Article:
Je fais mon Steinberg

It’s hard to overstate the importance the Steinberg family played in the postwar development of Montreal. Their grocery store chain single-handedly introduced the modern supermarket concept to Quebec, with stores like the one you see above, which was built on Côte St. Luc Road in 1959.

As property developers operating under the name of Ivanhoe Investments (now Ivanhoe Cambridge), the Steinbergs built many of Montreal’s first shopping malls, too, including Fairview Mall (1965), the Galeries d’Anjou (1968) and the Champlain Mall (1975). Naturally, all of them were anchored by a Steinberg’s when they first opened.

I think this raises a question that is perfectly relevant to the things we discuss at Spacing Montreal: at what point does a privately-owned business, like a shopping mall or a supermarket, become a public space? Their designs, after all, are simply automobile-age updates on centuries-old urban phenomena, like public markets, high streets and shopping arcades. The fact that they are commercial ventures doesn’t necessarily distinguish them from other public spaces, like New York’s Bryant Park and Toronto’s Dundas Square, which are also run for profit.

Steinberg’s stores, while they existed, were a central part of Montreal’s public life. Does the same hold true for today’s private public spaces?


  1. Ooh– if you want to follow up on this post, you can go to Beaconsfield, where the Beaconsfield Shopping Centre (St-Charles Blvd. South of highway 20), once anchored by a Steinberg’s (now a Metro) is slated to undergo major renconstruction (ie: tear it down and rebuild it from the ground up) to hopefully raise it from the dead. The mall’s function as a public space, as well as its impact on the surrounding neighborhood are being actively negotiated/debated.

  2. I grew up in the West End and Moved from Snowdon/Decarie/Queen Mary ( when it was still called Snowdon Junction on the Montreal Tramways before Garland Terminus was Constructed in 1949 ) to NDG in 1951.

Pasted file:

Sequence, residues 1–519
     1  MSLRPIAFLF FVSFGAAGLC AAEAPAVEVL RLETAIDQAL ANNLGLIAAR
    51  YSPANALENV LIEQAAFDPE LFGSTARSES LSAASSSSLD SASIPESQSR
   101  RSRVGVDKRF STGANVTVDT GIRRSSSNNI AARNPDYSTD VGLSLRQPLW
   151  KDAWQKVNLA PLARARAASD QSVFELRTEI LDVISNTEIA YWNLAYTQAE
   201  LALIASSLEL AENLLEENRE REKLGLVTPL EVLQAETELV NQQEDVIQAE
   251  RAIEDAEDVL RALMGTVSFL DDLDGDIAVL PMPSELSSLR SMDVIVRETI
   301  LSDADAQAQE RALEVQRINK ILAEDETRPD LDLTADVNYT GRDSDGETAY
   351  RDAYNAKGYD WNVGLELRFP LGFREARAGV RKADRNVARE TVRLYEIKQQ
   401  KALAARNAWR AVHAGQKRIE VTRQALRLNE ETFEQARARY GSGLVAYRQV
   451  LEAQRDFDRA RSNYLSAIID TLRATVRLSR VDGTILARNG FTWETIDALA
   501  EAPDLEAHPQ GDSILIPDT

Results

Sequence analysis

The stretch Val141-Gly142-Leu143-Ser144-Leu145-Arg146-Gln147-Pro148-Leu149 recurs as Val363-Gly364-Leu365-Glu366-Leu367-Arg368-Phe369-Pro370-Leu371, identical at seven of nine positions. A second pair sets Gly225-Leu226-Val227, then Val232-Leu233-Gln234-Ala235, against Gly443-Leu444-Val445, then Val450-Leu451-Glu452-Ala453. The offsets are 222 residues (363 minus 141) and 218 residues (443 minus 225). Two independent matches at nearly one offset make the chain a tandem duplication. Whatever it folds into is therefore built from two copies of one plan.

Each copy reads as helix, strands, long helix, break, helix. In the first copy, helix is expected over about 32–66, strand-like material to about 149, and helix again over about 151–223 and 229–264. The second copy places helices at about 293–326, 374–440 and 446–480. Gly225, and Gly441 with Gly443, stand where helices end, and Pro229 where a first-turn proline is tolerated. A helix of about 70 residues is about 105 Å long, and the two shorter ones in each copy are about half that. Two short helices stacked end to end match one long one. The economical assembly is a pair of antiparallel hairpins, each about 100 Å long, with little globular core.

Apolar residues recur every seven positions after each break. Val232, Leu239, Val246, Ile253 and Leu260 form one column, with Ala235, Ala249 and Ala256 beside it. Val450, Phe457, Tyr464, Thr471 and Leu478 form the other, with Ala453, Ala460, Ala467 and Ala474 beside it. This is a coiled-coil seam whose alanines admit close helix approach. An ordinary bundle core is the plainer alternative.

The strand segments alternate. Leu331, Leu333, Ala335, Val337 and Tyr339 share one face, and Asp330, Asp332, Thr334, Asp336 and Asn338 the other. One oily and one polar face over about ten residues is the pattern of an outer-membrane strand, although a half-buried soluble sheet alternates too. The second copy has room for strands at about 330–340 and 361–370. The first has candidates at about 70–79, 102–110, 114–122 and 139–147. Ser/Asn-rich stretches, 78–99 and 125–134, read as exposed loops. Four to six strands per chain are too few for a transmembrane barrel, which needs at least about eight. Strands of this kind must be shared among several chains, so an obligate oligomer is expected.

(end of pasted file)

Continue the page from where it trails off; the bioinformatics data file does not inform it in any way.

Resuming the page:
We did not own a Car until 1954 and we used to get our Groceries at the Steinburg’s at Walkley and Somerled, which was then quite new.

    Few people now know that there was a TUNNEL Constructed from the Steinburg’s Store, South UNDER Somerled to the Large Steinburg’s Parking Lot then on the East Side of Walkley facing the even-then Sleazo Apartments on the West Side of Walkley between Somerled and Terrebonne.

    These Apartments were heated with Oil Space Heaters and REEKED of Oil and S—ty Cooking Smells.

    Anyway, the Tunnel was used to move Groceries in BOXES on Conveyor Belts from the Steinburg’s beneath Somerled to the Big Parking Lot where there was a Grocery Pick Up Centre and Motorists could Pick Up their Groceries at that location, in the Alley between the Bank on the Corner of Walkley and the Drug Store Cumberland’s Drug??? back in the Good Old Days of the Apostrope a la Eaton’s.

    An Large Apartment was Constructed on the South End of the Steinburg’s Walkley Parking Lot c. 1959.

    The Tunnel and the Conveyor for Groceries was last used in the Early Sixties, Taxis had a Taxi Phone on the Structure and Queued Up There where Cars used to pick up Groceries, facing Somerled.

    Steinburg’s also had a small Parking Lot facing Somerled at Prince of Wales next to the Store.

    Patronage of the Somerled Steinburg’s declined as more Steinburg’s Stores were opened at Cote St Luc Shopping Centre and at Walkley and Cote St Luc Road.

    One of the passtimes at the Somerled and Walkley Steinburg’s was watching the 3A Streetcars Wye to turn back for Downtown, by heading North on Walkley beside Steinburg’s.

    There were Spring Switches in the Track on Walkley, then it would Back Up North across Somerled when the Light turned Green, and Stop along side the Bank to Head East on Somerled/Grand/Monkland to Girouard/Sherbrooke and Downtown.

    A Red Tramways Tower Car, for Repairing the Trolley Wire, was sometimes South of Somerled as the Crew visited the Drug Store for Soft Drinks, and the Tower Car could be Inspected as you waited for a Streetcar to Arrive from Downtown.

    Occasionally a Tramways Truck with a Trolley Pole on Top would be Parked in the Street and it would be used to Weld the Points of the Track Switches, receiving the Welding Current from the Trolley Wire.

    The Welder’s Work Point would be Shielded by Canvas so People on the Street could not see the Arc, which would damage their Eyes.

    A Tramways Shuttle/Navette Bus Operated along Somerled from Fire Station 46 to Elmhurst Tramways Terminus at Montreal West Station via Patricia,

    All Streetcars removed along Sherbrooke in 1956, Replaced by Busses from Terminus Atwater by the Forum with Route Numbers 101 thru 105.